severance agreements clauses employment lawyer

When a business terminates an employee, it may negotiate a severance agreement that settles stock options, deferred compensation and other issues. The agreement may sometimes include a non-disclosure or non-disparagement clause or both, prohibiting the employee from discussing confidential matters or speaking ill of the company.

However, a recent National Labor Relations Board (NLRB) decision prohibits employees from requiring outgoing employees to sign severance agreements that contain broad non-disclosure or non-disparagement clauses, on the ground that those clauses improperly waive employees’ rights under the National Labor Relations Act (NLRA).

The NLRA gives employees the rights to assist labor unions and to engage in other concerted activities for the purpose of mutual aid or protection. The law makes it an unfair labor practice to interfere with the exercise of those rights. In its ruling, the NLRB found that workers’ ability to discuss the conditions of employment at a company, whether before or after their employment there, is necessary to the exercise of those rights. That discussion is frustrated by requiring workers to sign a severance agreement that prohibits them from truthfully criticizing the company or discussing the agreement itself.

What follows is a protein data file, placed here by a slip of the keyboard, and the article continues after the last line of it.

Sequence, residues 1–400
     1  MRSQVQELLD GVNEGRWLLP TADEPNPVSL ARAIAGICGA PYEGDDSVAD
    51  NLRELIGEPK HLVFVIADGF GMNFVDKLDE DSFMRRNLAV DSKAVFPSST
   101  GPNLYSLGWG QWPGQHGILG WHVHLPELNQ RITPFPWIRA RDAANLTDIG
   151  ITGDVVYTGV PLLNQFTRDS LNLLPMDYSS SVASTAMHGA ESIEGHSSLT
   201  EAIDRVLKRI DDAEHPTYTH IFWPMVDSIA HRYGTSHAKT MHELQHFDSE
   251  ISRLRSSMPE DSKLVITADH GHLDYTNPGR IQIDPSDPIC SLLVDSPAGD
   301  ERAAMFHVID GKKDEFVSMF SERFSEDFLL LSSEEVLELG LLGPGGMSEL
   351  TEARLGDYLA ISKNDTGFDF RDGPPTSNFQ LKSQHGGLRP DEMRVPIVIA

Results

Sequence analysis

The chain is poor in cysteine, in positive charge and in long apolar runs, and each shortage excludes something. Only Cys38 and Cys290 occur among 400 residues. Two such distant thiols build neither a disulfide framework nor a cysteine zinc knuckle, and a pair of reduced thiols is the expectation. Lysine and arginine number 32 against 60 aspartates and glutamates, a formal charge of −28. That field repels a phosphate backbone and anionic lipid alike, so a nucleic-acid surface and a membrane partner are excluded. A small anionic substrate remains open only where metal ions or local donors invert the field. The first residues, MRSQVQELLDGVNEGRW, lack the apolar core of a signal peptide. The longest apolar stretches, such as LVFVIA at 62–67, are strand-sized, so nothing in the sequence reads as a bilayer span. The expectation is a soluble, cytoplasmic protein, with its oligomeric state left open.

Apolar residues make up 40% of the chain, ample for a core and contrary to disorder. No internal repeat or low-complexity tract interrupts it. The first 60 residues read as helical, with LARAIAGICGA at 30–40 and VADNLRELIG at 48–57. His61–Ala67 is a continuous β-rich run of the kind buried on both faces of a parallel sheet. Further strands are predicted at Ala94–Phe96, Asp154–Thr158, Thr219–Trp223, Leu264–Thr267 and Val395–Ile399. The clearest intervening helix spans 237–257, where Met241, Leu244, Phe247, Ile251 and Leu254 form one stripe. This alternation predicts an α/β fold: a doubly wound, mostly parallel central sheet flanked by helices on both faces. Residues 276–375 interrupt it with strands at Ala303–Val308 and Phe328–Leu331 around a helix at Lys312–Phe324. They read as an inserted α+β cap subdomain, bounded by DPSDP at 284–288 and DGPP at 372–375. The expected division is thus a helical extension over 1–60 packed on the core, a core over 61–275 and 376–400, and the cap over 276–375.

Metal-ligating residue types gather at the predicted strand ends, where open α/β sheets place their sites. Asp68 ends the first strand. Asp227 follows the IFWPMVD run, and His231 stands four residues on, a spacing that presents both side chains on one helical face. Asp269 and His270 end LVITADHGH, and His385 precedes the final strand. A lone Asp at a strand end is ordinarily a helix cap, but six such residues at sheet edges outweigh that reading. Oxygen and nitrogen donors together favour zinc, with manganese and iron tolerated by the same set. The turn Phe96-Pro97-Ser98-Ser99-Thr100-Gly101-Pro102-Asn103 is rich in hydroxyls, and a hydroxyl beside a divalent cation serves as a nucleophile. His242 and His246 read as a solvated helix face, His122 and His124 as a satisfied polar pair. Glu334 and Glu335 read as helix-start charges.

Your severance agreement might be unenforceable for other reasons. For instance, District of Columbia and federal laws protect whistleblowers who disclose illegal or fraudulent activities by employers or ex-employers. Courts have also struck down confidentiality provisions that are unreasonably broad and restrictive.

If you signed or have been offered a severance agreement in connection with your resignation, layoff or firing, it might contain provisions prohibiting you from disclosing confidential information or from disparaging that company. Such an agreement is not necessarily an unfair labor practice if the prohibition is narrow enough. For instance, the non-disclosure clause might apply only to genuine trade secrets, or the non-disparagement agreement might exempt truthful and legally authorized statements you make about the company.

In order to know if a severance agreement you’re offered or you signed is an unfair labor practice or is illegal under another statute, you should consult with a knowledgeable employment attorney. If the agreement appears to violate the NLRA or any other law, your attorney can try to renegotiate it or, if that fails, can bring an unfair labor charge in your behalf before the NLRB or in court.

Cashdan & Kane, PLLC represents clients in the Washington, D.C. area in employment disputes involving severance agreements and other matters. Call us at 908-264-9331 or contact us online to schedule an appointment.